Battlefield Guide Services

Thursday, May 20, 2010

Jackson's Wounding Monuments - A Then & Now, Photo Essay

Our friends over at the Fredericksburg & Spotsylvania National Military Park have developed an excellent blog, Mysteries and Conundrums, which allows us an inside look at many of the discoveries and considerations they make while adminstering the battlefields in their charge. In the past few days, NPS Historian Eric Mink, has presented an in-depth examination of the process involved in the creation of the current Chancellorsville Visitor Center here. Planning had begun in earnest in the 1950s for the site, with the actual project being constructed in the early 1960s. One of the heaviest considerations during that planning was how and where to place the structure with the least amount of encroachment to the historic lanscape. Exacerbating the frustration was the then future plans to widen Route 3 through the battlefield, something that the Virginia Department of Transportation had already drawn up. It would not be until the 1970s, but the transformation of the historic Plank Road, into a divided, four lane highway, would take a great toll on the visual integrity of the landscape. The once rural area and its primary artery would be forever altered.

The following images present a look at the monuments placed near the north shoulder of the road right-of-way, since circa 1876. The monuments were placed to mark the vicinity of General "Stonewall" Jackson's mortal wounding on the evening of May 2, 1863. All images are clickable for larger viewing.

Looking north from the Plank Road in an early 1900s postcard.
This monument was dedicated June 13, 1888.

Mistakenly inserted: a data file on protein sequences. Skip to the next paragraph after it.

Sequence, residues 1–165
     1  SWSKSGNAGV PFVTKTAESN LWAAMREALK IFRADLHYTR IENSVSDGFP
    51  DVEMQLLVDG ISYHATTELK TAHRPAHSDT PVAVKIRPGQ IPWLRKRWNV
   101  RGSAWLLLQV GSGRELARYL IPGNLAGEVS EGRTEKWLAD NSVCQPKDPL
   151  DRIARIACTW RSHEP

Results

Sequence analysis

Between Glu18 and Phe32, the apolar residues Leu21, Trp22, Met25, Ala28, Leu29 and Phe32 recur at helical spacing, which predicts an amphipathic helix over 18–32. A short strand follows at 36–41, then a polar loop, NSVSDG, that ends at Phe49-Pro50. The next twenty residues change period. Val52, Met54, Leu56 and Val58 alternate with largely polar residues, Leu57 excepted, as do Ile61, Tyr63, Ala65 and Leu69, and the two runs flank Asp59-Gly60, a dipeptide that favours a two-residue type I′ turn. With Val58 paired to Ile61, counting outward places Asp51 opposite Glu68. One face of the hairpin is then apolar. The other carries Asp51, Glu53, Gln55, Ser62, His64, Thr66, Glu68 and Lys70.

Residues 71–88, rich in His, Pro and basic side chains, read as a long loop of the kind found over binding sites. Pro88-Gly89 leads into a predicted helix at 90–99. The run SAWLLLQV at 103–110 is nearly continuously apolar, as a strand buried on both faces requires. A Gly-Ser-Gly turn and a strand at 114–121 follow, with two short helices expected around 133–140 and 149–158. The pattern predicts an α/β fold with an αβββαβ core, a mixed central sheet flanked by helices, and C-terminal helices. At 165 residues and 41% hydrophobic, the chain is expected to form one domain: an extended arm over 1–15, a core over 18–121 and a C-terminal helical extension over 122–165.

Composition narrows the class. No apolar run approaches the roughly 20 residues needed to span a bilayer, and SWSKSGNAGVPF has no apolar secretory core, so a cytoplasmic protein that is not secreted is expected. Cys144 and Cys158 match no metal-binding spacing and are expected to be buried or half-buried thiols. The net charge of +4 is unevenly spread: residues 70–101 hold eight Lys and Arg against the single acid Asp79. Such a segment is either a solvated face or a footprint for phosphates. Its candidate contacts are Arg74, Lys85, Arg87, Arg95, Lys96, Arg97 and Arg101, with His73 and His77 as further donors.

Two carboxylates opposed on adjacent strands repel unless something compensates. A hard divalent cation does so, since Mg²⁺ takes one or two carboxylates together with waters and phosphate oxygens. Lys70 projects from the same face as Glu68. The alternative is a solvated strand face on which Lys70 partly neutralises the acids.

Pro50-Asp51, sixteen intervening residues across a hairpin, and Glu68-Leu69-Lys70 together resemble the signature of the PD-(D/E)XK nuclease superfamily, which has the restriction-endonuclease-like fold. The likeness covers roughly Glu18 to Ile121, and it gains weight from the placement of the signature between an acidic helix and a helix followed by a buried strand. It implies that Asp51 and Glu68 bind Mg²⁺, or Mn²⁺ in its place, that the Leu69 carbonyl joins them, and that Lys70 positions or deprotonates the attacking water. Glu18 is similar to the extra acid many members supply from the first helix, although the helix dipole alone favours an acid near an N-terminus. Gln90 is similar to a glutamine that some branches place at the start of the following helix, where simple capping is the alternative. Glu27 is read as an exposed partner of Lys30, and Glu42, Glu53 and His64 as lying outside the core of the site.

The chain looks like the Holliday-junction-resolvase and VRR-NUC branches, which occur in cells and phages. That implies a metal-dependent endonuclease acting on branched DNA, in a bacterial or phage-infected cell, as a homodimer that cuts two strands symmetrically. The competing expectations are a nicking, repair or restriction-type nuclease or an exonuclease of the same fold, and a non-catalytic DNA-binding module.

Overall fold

The same view today from the west bound lane of Route 3.
The VDOT right-of-way has cut a deep swath in front of the monument.

A "linen" postcard from circa 1940s -1950s, looking west at the
Jackson monument and Park Contact Station.

The exact same view today, with obscuring foliage.

A circa 1950s - 1960s "chrome" postcard taken from the
north shoulder of Route 3, looking easterly. Note boulder at right.

An approximately similar view today, with a look down Route 3.
An amazingly rare, quiet moment in traffic flow.

An early view of the first marker, placed September 22, 1879.
UPDATED: This date of dedication for the quartz marker was discovered
 by NPS historian, John Hennessy, in October of 2012.

The same boulder today, much reduced in size by souvenir hunters, and
almost lost in the maze of trees and shrubs. An effort to access.

Both monuments today, looking east, from inside the NPS boundary.
The concealing growth at right serves as a guard rail of sorts to keep
visitors from tumbling down into the Route 3 right-of-way.
The boulder is beyond the 1888 monument, in amongst the foliage at center.

Saturday, May 15, 2010

Remembrance and the Meaning of Life

When I established this blog, my purpose was to foment a discussion of all social, political and cultural aspects of the Civil War and how it effected, and still effects, the fabric of our local and national experience. Some of my initial posts in 2008 did just that, somewhat, but as time went on I became a bit more straightforward in my presentation of history, and less on the reflective bent.